Hiring Should Not be Done in a Day

Let’s face it: we’re all pretty lucky. Most of us don’t roll out of bed in the mornings, we positively hop out of the sheets and greet the morn’ with open arms, excited for the sunny stretch of day before us. We don’t have to slog away at a conveyor belt or hunch over a computer for hours on end; rather, we get to spend our days enmeshed in a world we love—whether it’s biking or climbing or running—and share our enthusiasm with our customers. We get to spend every day converting folks into aficionados and fanatics like ourselves.  
The more specialty retailers we meet through the Mann Group, the more we realize we all share that common denominator: passion. Every one of us seems to love our job. Unfortunately, we all seem to share a less constructive trait as well: poor hiring habits.
If we had to agree on our least favorite part of managing a specialty retail store, most of us would concur that it’s hiring. Sometimes it seems like finding that perfect employee isn’t just impractical, it’s impossible. We dread the entire process. We procrastinate. And then we scramble to fill the vacancy. If that sounds like you, don’t worry—you’re certainly not alone. But it doesn’t have to be the case, either.
We’ve compiled a few quick pointers, tips and tricks to turn that cringe-worthy hiring process into an enjoyable one, another task you can infuse with the passion with which you approach the rest of your job.
Take Your Time
Like so many of the best things in life—fine wine, a loving relationship, good bourbon—hiring the best candidate for your business is not something that can be rushed. Unfortunately, more often than not, that’s exactly what we tend to do.
Hiring the best candidate requires forethought and intention, not procrastination and desperation. Most of us tend to begin the hiring process when a vacancy is imminent. Rather than take the time to interview a variety of candidates, we hurriedly hire one of the first people to walk through our door with a job application in hand. In the short term this may seem like the easy option, but in the end it entails a bevy of problems and repercussions that will actually increase your workload (extra hours of training, reversing bad habits, and potentially even the necessity to let this quick hire go—leaving you in the same position as you began). Chances are that if you rush the hiring process, you’re more likely to hire not only the unideal candidate, but the worst candidate.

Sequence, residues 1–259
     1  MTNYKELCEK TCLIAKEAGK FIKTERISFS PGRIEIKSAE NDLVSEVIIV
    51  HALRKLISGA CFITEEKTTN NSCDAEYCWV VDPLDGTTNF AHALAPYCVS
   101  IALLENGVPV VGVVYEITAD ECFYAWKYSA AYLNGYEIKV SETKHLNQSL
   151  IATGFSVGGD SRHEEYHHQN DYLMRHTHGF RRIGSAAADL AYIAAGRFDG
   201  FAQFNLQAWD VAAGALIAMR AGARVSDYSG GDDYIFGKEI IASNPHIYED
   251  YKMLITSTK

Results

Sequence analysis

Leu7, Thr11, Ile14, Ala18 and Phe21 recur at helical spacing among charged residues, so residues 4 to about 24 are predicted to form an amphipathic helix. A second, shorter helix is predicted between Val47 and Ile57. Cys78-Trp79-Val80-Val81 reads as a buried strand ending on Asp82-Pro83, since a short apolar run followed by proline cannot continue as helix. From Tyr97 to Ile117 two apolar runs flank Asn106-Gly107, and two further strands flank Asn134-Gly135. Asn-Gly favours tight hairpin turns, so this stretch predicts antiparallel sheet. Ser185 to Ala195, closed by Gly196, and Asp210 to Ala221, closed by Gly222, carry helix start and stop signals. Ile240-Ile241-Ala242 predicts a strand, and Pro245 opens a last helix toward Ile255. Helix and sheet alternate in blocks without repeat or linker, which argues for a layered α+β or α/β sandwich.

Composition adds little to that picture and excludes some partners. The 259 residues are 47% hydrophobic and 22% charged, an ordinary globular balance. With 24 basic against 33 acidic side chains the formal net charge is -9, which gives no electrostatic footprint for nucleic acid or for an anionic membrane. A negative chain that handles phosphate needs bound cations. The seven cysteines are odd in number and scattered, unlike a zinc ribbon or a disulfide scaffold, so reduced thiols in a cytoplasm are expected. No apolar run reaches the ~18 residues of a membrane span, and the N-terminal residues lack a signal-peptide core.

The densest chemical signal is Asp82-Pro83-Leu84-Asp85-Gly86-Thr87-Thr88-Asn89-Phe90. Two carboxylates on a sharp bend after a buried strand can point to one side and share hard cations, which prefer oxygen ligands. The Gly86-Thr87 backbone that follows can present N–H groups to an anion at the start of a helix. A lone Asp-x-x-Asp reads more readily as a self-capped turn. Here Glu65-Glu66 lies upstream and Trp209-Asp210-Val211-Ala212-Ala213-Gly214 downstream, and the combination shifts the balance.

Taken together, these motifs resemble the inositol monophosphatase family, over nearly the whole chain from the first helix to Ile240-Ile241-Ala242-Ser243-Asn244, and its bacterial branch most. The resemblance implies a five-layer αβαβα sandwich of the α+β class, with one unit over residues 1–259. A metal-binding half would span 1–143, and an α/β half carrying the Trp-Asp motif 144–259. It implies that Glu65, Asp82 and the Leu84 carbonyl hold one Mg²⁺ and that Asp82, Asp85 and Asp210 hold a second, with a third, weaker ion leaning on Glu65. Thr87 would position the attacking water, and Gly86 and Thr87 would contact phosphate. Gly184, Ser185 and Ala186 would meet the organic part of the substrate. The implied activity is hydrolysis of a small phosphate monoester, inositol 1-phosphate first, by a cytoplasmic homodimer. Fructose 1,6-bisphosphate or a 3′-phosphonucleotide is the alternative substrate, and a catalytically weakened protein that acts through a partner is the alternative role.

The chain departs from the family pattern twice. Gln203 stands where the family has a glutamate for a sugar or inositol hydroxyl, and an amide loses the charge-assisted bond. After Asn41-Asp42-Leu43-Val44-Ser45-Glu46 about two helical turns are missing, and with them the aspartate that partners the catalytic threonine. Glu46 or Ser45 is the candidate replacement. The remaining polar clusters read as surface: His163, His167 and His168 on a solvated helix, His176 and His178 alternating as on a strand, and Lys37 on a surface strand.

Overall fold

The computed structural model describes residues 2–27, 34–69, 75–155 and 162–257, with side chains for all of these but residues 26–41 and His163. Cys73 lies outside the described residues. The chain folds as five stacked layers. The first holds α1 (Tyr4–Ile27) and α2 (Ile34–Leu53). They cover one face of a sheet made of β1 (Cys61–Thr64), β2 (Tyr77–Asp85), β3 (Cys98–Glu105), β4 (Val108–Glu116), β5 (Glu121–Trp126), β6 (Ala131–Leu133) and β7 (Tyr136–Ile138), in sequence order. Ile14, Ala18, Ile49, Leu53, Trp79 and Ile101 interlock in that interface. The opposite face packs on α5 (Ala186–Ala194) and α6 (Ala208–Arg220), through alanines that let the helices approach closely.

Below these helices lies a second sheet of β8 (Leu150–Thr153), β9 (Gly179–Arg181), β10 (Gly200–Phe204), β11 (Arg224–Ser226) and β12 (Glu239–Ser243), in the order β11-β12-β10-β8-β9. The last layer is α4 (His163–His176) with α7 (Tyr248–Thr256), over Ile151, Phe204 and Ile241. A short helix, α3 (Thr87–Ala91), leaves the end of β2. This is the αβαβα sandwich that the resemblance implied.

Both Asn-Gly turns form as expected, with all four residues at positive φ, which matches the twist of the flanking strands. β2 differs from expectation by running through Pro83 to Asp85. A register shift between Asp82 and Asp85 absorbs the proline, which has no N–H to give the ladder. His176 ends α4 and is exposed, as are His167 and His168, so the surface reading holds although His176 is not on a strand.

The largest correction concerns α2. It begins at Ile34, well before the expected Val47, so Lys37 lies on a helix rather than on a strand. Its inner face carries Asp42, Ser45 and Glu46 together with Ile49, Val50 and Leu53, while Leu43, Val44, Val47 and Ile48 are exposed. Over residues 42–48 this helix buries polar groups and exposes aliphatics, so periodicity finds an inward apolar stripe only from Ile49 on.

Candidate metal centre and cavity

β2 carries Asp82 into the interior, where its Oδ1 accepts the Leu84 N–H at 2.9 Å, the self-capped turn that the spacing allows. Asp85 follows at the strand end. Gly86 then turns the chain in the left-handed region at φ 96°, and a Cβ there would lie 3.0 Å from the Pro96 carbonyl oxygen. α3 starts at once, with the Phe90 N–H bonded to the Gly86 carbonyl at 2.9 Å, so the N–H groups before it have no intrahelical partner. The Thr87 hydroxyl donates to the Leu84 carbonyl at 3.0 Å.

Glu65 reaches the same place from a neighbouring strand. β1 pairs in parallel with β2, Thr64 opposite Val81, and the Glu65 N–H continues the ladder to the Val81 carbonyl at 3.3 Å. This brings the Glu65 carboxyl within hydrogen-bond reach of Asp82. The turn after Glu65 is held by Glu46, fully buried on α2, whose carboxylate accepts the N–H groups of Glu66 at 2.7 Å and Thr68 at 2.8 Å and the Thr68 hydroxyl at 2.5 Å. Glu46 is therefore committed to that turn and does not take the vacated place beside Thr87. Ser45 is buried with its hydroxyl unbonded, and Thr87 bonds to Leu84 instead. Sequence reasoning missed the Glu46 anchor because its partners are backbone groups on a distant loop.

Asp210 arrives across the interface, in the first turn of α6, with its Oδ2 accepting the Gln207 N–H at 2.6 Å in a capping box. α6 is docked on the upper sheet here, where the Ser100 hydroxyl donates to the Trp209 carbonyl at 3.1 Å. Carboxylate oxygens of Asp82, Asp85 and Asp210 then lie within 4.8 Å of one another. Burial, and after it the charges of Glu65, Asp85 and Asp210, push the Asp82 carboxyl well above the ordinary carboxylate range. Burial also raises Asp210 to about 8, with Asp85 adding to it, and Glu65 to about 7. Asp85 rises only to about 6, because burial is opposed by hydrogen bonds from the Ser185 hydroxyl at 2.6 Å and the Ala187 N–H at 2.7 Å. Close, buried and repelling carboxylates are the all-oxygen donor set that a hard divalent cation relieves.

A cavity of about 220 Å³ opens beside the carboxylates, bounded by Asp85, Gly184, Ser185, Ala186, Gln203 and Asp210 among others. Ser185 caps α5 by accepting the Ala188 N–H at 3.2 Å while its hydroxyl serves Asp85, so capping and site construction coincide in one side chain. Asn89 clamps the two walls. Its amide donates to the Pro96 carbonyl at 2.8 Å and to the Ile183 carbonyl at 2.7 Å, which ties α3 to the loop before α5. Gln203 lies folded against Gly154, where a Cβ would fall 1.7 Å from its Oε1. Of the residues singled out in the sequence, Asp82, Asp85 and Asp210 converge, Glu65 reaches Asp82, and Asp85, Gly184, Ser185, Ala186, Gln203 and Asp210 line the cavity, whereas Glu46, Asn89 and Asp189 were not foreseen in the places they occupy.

“We should be disciplined about out hiring process,” says Dan Mann. “Interview multiple people, make the selection from numerous people. Therefore the hiring and selection process happens all the time—not just when we need someone.” The hiring process isn’t just the actual interview; as Dan points out, it begins much, much earlier.
Open Your Eyes to New Folks
Because the hiring process is usually our least-favorite part of the job, it’s easy to put the entire issue into a tightly sealed box and ignore it until necessity strikes. But again, these things take time. You should always have a selection of potential candidates at the ready—and that means more than just accepting resumes.
You never know when you’ll run into your perfect employee. Maybe you’re having dinner and your server is incredible: great customer service with an amiable disposition, the ability to multitask and stay calm under pressure. These are attributes that would apply particularly well to your own industry. Rather than just tipping well (although we certainly suggest you do that, too), hand them a business card and mention that you’d like to speak with them about an opportunity. “You’ve already seen them in action,” Dan points out, so you know what they’re capable of. Not every hopeful will pan out, but the more feelers you put out, the more likely you are to actually reel in a great employee.
Utilize Social Media